The Scotsman: Shell Quitting London - and Downgrading Reserves Further: “Mr van der Veer told investors he was “disappointed” further potential reductions in oil and gas reserves had been identified. Auditors have assessed more than half of the 14.35 billion barrels of oil equivalent that Shell reported as its reserves at the end of 2003. In a statement, Shell said: “Preliminary reports from the field and audit teams suggest that reductions to ... reserves are likely to be appropriate.” (ShellNews.net)
By David Winning, City Staff, PA News
28 Oct 04
Oil giant Shell today unveiled its most far-reaching overhaul in 100 years with a pledge to create a unified company based in the Netherlands.
Shell is proposing to ditch its twin board structure and relocate UK-based executives to The Hague as part of moves to prevent a repeat of its reserves crisis earlier this year.
But in an echo of its earlier troubles, Shell said a further downgrade of its reserves was “likely” after auditors questioned the status of 900 million barrels of oil and gas stocks.
Analysts said the creation of Royal Dutch Shell plc as a single company was at the top end of expectations – a point reflected by a 6% gain in the oil group’s shares today.
Sentiment was also boosted by net income more than doubling to 5.4 billion US dollars (£2.95 billion) in the third quarter, which Investec analyst Bruce Evers said was “very, very good”.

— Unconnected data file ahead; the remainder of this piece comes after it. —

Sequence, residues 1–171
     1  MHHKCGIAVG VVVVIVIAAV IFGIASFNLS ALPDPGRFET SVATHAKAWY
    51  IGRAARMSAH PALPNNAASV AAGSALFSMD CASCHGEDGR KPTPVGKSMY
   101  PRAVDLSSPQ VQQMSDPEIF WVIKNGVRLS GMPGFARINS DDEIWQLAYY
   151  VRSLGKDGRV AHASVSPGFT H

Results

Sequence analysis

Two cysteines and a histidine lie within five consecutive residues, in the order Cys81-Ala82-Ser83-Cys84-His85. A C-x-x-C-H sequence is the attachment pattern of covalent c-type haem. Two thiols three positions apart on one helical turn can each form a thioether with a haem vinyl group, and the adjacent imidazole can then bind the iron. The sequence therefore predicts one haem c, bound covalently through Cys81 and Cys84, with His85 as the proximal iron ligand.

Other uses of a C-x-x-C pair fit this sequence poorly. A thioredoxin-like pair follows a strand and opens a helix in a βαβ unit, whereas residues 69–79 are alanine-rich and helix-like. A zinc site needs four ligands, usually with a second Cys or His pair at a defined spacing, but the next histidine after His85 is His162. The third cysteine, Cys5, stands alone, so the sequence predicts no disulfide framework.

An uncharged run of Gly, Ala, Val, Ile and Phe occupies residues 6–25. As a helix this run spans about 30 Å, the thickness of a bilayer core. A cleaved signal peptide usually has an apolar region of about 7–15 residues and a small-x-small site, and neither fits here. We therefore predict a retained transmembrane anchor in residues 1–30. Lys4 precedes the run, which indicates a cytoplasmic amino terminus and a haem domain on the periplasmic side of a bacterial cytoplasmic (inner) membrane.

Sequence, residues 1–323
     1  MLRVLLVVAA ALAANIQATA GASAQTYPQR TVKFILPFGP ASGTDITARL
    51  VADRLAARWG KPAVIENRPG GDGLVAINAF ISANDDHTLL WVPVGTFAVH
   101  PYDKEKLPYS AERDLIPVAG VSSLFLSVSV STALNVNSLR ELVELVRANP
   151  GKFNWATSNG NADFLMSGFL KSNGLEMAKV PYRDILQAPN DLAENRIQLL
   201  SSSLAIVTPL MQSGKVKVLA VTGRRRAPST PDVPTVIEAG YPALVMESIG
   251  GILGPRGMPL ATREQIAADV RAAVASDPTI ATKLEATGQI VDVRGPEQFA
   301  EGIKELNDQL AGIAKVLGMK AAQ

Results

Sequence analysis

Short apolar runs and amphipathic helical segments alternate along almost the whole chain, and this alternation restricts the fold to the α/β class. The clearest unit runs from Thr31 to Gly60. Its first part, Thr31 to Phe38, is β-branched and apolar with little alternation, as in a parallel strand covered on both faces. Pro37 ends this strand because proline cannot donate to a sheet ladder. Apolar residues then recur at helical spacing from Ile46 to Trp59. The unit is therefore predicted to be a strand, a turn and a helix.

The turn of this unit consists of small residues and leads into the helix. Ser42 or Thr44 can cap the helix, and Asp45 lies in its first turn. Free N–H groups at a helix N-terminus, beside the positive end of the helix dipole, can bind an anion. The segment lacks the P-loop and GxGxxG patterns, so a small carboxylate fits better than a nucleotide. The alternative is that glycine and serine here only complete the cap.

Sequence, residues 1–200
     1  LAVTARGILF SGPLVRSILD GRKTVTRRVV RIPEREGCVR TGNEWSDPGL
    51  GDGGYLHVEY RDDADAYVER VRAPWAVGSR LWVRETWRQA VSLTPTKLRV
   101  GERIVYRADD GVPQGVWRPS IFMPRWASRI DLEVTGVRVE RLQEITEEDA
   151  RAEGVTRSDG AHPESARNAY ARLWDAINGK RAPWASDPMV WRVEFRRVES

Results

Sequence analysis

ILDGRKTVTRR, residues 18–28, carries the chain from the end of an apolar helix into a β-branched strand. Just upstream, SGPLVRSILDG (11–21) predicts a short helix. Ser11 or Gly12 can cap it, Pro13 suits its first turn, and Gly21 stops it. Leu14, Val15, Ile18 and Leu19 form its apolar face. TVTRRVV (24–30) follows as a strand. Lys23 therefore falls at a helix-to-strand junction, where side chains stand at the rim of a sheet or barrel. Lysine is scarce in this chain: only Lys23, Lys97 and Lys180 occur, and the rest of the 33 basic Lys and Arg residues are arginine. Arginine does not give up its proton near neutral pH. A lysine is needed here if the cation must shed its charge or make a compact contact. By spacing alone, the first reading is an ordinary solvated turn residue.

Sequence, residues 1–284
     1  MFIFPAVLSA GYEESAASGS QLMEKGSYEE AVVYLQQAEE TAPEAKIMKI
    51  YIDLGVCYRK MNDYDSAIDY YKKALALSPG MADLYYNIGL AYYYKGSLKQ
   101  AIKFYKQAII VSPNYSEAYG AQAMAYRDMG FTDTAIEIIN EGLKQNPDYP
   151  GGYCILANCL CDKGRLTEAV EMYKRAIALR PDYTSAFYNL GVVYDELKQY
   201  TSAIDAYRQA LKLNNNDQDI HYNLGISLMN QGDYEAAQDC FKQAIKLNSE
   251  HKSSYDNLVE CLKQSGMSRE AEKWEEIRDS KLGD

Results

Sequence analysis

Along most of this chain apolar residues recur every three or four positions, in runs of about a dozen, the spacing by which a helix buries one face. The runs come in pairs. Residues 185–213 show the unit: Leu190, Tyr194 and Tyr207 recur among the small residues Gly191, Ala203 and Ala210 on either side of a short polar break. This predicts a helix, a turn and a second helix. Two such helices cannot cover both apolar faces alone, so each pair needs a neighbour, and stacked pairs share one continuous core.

Pressure on Shell to merge its Dutch and UK parent companies mounted in the wake of the shock 20% downgrade in its reserves in January and three further re-categorisations.
A number of investors blamed a lack of corporate transparency and accountability for the crisis, which claimed the scalps of three senior executives and led to regulators in the US and UK imposing fines totalling £82.7 million on Shell.
Royal Dutch Petroleum, with its headquarters in The Hague, currently owns 60% of the assets with the remainder controlled by London-based Shell Transport.
Chief executive Jeroen van der Veer said today’s proposals had the full backing of the board and would bring greater simplicity, efficiency and accountability.
More than 200 management jobs will be transferred across the North Sea, representing 7% of the 3,000 staff who currently work at its London headquarters.
However, Shell said its global downstream and trading businesses would remain in the UK.
Chairman Aad Jacobs said: “Our proposals will not satisfy everyone in every respect but we firmly believe that we have come up with the best solution possible.”
Shell said half of its non-executive directors would be replaced by 2008 in an effort to introduce new blood to the company, while dividends would now be paid quarterly.
Shareholders are due to vote on the proposals in April and the merger of the boards is scheduled to take place in May.
Mr van der Veer told investors he was “disappointed” further potential reductions in oil and gas reserves had been identified.
Auditors have assessed more than half of the 14.35 billion barrels of oil equivalent that Shell reported as its reserves at the end of 2003.
In a statement, Shell said: “Preliminary reports from the field and audit teams suggest that reductions to ... reserves are likely to be appropriate.”
The reserves update took some of the gloss off its third-quarter profits performance, which reflected sky-high oil prices and higher margins.
Earnings from exploration and production – the unit at the centre of the reserves crisis – were 18% higher than a year ago and were achieved despite the impact of hurricanes in the Gulf of Mexico.